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By Todd Wacome

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I build million-dollar-and-up custom homes for very demanding clients in the Andover, Mass. (Boston) area. Working successfully at that level requires excellent communication and a fair amount of handholding with everyone involved in a project. Ever since I took over the business from my dad in the mid 1980s, I've believed technology could help my business succeed, and I've looked for ways I could use computers to make my business better.

When the Internet came along in the mid-nineties, I was fascinated by how all kinds of information could be published online and then retrieved by anyone with a personal computer and web browser software. Since my clients are often executives who could be in Boston today and Los Angeles tomorrow, my first thought was to use the Internet to put basic project information where everyone could see it 24-7. By 1998 our www.wynwood.net website had become "mission control" for our projects, and all our other job-site and office technology is now geared around how we use the Internet.

No-Network Networking

My computer setup is somewhat unconventional. In my office I have five workstations but only one actual computer. It's rare that my office manager and I would need to be working on the computer at the same time, so instead of building a complicated network, we use a "CPU sharing device," which allows me to connect multiple monitors, keyboards, and mice in different offices to a single computer. The office computer runs our BuildSoft accounting system, SoftPlan CAD, the two database programs (discussed below) that make up our project management system, all our project documents, and a local (unpublished) copy of our website.

I also have a Sharp Actius UM-20 ultra-light notebook computer equipped with a wireless cellular modem (see Figure 1). I'm surprised more builders haven't caught on to the Sharp laptop; it's a remarkable computer for anyone on the go. At 9x11 inches it's no bigger than a typical spiral-bound paper notebook. It weighs only three pounds yet has as much power as most desktop computers.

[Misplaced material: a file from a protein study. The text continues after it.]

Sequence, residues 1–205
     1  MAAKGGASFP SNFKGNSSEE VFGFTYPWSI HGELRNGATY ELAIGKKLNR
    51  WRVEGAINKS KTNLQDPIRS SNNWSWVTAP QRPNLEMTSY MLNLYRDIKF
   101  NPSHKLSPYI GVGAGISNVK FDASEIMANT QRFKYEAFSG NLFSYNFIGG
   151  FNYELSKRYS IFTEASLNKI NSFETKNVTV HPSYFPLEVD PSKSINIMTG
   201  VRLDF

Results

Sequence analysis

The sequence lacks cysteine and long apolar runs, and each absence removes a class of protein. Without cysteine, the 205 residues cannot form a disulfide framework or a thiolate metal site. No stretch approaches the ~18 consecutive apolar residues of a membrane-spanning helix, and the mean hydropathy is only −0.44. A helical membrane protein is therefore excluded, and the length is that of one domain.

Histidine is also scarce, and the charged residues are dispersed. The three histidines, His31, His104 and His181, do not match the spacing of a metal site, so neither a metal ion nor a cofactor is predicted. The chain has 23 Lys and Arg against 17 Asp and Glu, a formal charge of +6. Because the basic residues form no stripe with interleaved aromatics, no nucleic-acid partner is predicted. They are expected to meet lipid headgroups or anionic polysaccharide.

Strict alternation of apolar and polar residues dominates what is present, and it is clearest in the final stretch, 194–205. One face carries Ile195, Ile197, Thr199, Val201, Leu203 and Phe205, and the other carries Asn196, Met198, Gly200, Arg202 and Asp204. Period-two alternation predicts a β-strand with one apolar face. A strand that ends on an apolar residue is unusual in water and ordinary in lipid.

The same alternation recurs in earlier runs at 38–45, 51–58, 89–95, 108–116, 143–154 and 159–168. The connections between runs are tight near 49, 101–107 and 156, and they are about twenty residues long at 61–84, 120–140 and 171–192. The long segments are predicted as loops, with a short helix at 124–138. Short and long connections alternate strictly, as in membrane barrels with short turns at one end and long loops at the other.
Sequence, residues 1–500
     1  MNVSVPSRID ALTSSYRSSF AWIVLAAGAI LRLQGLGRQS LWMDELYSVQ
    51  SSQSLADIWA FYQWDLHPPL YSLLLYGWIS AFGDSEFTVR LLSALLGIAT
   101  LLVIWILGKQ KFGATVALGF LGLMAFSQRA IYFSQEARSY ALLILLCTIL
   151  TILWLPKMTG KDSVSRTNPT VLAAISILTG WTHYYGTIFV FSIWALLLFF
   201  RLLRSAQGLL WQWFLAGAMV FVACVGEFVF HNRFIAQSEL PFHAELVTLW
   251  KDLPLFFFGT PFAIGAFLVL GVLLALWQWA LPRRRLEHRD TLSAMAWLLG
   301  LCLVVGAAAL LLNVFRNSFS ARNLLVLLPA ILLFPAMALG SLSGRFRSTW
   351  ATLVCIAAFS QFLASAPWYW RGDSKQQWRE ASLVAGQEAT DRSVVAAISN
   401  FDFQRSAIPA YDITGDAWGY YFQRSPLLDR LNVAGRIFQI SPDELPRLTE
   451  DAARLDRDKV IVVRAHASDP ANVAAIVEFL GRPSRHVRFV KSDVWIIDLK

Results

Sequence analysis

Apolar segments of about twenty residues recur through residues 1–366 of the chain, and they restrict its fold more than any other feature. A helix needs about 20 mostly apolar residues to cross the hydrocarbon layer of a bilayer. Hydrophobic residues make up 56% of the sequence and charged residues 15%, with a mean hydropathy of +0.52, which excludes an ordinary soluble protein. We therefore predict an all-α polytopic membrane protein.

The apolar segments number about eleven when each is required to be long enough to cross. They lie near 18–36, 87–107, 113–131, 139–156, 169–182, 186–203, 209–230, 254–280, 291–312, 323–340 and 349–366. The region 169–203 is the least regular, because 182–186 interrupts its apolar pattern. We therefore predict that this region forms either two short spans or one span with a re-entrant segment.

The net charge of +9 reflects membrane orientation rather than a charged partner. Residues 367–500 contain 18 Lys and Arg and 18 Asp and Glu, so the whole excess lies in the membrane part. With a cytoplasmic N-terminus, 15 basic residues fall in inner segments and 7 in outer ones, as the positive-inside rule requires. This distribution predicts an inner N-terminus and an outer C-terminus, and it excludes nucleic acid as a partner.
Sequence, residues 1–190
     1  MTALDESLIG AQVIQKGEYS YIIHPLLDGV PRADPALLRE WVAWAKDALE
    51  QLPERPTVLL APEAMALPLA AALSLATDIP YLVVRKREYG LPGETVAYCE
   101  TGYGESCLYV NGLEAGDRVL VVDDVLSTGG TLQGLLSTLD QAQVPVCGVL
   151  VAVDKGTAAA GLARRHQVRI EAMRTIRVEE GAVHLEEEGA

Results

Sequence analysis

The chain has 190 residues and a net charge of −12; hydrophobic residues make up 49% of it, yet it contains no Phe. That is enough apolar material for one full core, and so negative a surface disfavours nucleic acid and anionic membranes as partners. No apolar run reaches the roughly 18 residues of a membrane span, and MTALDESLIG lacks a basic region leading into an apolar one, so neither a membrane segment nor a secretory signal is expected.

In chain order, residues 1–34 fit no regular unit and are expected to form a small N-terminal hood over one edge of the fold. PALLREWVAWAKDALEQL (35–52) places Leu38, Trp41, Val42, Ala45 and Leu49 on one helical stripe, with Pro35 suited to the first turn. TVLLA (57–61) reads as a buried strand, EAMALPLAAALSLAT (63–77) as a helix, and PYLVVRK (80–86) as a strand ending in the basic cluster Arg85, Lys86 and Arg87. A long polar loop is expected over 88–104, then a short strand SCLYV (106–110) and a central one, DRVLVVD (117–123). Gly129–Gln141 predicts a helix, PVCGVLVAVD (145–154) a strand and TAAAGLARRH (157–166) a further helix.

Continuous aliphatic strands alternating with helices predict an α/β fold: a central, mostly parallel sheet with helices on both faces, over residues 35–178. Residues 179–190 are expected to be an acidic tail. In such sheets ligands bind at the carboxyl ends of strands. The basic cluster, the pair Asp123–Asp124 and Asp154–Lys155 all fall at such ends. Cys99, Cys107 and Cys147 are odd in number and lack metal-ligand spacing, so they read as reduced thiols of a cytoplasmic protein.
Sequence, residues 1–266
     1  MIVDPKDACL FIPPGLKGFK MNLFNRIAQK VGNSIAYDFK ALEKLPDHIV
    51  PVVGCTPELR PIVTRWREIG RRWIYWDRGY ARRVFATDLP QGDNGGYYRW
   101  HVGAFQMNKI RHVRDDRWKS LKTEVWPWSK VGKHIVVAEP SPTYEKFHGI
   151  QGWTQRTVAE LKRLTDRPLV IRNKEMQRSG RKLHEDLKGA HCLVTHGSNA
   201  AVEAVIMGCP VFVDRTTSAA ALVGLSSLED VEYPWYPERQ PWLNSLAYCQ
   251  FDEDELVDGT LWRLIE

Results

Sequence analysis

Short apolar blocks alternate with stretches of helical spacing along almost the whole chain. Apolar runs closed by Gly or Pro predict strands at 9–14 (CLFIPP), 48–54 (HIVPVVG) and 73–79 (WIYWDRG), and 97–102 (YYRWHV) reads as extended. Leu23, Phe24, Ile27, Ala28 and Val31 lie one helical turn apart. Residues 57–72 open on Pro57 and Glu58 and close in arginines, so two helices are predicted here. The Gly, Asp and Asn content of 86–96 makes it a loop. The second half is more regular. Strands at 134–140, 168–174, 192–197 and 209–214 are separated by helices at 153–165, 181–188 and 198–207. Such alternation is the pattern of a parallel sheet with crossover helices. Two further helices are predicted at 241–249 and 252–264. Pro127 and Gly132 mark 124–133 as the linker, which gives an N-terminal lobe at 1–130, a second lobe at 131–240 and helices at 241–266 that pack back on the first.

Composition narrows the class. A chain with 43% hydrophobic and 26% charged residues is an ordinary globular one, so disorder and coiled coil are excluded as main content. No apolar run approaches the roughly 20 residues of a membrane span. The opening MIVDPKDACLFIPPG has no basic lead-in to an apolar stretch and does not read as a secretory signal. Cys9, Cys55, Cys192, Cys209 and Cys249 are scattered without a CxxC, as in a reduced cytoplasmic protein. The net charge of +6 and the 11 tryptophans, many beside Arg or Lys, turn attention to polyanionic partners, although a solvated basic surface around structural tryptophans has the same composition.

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The Sharp UM series sub-3-pound laptop, equipped with a wireless cellular modem, is the author's constant companion. It's light enough to hold in one hand while typing with the other yet has a 12-inch screen that's acceptable for CAD.

The tiny size of the Sharp (www.sharp-usa.com) makes it easy to carry with me all the time, and the wireless modem lets me connect to the Internet to upload digital photos and other files to my website, or to receive and respond to key faxes and other documents, no matter where I happen to be. I've looked at the current crop of PDAs (personal digital assistants) and other hand-held gadgets, and they all have severe limitations compared with my laptop.

The third leg of our "no-network network" is the Internet. In addition to hosting our website, we use the Internet like a giant "floppy disk in the sky" -- to back up our critical files and keep our project files up to date between the field and the office. To do that, we "push" files to the Internet for storage and for viewing online, and then "fetch" them back to our office and mobile computers. That way, everything stays in sync.